This balanced awareness of what’s happening is useful to all of us, and it is not beyond our reach. Within the worlds we work in, we can ensure that both good news and bad is communicated and reacted to. I don’t think that we need to work on the spreading of bad news – that seems to be endemic! So let’s balance it, by actively promoting the good news – celebrating personal and organisational successes, and reminding ourselves that much of life and much of human behaviour is good news!


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There have been several TV programmes recently that have prompted me to think about understanding. What they have had in common is the theme of really getting to know others and how they think, work, live, and the result of that, which is inevitably a greater sympathy and understanding of their world and the way it works or doesn’t for them.

We talk about understanding something as if it is an intellectual exercise, but the word originally means to stand in their place, and experience it. True understanding will expand our awareness of the possibilities in the world, and will touch us emotionally as well as intellectually.

There have been lovely examples of this in the series called ‘The Secret Millionaire’. Every one of the people who have been giving away money in this series has gone to live in the community for a while, experiencing first-hand the way the community works and the way people live their lives there. And every one has had a change of heart, an emotional experience, a change of attitude – they have also all been moved to tears and seen their experience as a gain for themselves, and not just for those to whom they have given money.

Most of the time, we live in our heads, not because that is natural to us, but because that is what we have learnt to do. As small children, we cannot help but react from our hearts first, but we are good learners, and we soon realise that adults don’t do that. As children, we are also fascinated by other people’s worlds, yet we learn to judge them from our own perspective, and close down to the possibility of learning from them and truly understanding them.

So I have a suggestion: How about finding people whom we have a judgement about and seeing if we can really understand them. These could be our children, our parents, our work colleagues, or a category of people we don’t know at all.

All it requires is being prepared to spend time asking people to talk about their world, and listening with curiosity rather than judgement. Then to really imagine what it would be like to live in that world, and how you would feel if that were your world. For example, many years ago, I was prompted by one of my teachers to ask people begging on the street to tell me their story. It only took a few of those stories to make me realise that it could have happened to me, and that I would probably be an alcoholic or drug addict if it had. It took away my judgement of them, and made me very grateful for my own good fortune in having friends and family that supported me in tough times in my life.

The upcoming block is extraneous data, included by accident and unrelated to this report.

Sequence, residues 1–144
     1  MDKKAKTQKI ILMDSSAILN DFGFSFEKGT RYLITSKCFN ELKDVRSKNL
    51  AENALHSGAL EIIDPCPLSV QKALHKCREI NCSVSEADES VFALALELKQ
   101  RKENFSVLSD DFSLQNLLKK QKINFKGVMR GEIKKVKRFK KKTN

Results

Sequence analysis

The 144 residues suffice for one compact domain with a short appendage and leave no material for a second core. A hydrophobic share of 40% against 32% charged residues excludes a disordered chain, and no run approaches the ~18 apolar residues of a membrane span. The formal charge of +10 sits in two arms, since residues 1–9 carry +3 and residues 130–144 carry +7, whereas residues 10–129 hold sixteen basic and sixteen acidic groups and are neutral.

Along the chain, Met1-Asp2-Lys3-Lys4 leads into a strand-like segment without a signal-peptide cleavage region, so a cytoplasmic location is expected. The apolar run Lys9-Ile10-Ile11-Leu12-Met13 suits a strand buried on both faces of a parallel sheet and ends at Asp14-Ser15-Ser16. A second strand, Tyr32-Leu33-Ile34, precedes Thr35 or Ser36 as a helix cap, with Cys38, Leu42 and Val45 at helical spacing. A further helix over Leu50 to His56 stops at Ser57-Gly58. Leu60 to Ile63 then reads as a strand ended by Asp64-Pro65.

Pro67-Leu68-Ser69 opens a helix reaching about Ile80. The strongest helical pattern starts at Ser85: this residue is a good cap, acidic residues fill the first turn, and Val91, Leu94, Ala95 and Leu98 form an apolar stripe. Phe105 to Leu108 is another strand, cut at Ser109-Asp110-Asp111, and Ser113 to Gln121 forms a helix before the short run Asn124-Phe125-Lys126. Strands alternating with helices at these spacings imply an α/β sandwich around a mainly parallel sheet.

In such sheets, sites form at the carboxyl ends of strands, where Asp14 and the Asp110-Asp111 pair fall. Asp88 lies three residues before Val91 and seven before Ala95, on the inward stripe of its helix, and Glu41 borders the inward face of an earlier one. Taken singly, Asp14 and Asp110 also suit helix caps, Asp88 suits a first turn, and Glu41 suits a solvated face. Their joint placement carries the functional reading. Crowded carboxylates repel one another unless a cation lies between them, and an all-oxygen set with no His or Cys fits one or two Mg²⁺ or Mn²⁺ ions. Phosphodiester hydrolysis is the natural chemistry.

If all of us were just to increase our understanding a little, I think we would change the way the world works!


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The Importance of Touch

A few years ago, Meta decided to support Comic Relief in a different way, by offering almost free hugs in Worcester city centre, in return for a donation to Comic Relief.

It was one of the most wonderful days I have spent, just hugging people! It was a moving, warm, joyous experience, and the way people reacted really made us realise how non-tactile our society has become. Every age and type of person did decide that they would have a hug for charity, some with absolute certainty, some more hesitantly. Many parents sent their children to have the hug, but were quite pleased when we offered them one too. Even those who found the whole idea just too embarrassing or ‘out there’ tended to walk past with a smile on their faces.

Of those who did have hugs, there were some who really moved us: the pensioners who hadn’t had a hug for months, even years; the teenagers who kept coming back with another few coins for another hug – does no-one ever hug teenage boys?!; and the little children who just snuggled in because to them it was the most natural thing in the world. We collected a lot of money for Comic Relief, which was great, but maybe more important than that, we had the delight of hugging and being hugged by many many people.

What the whole experience made me realise was how deprived we have become of human physical contact. It is necessary for our mental and physical well-being – proven by scientists studying those who are not cuddled as babies – yet we have so many ‘rules’ about touch that many of us have become afraid to reach out and hug another person.

So please, hug your family, your friends, your colleagues, and ask for hugs from them. At the very least, hold a hand, put your arm around a shoulder, touch someone’s arm. It can provide more reassurance than a thousand words, and is a simple way of saying that you care.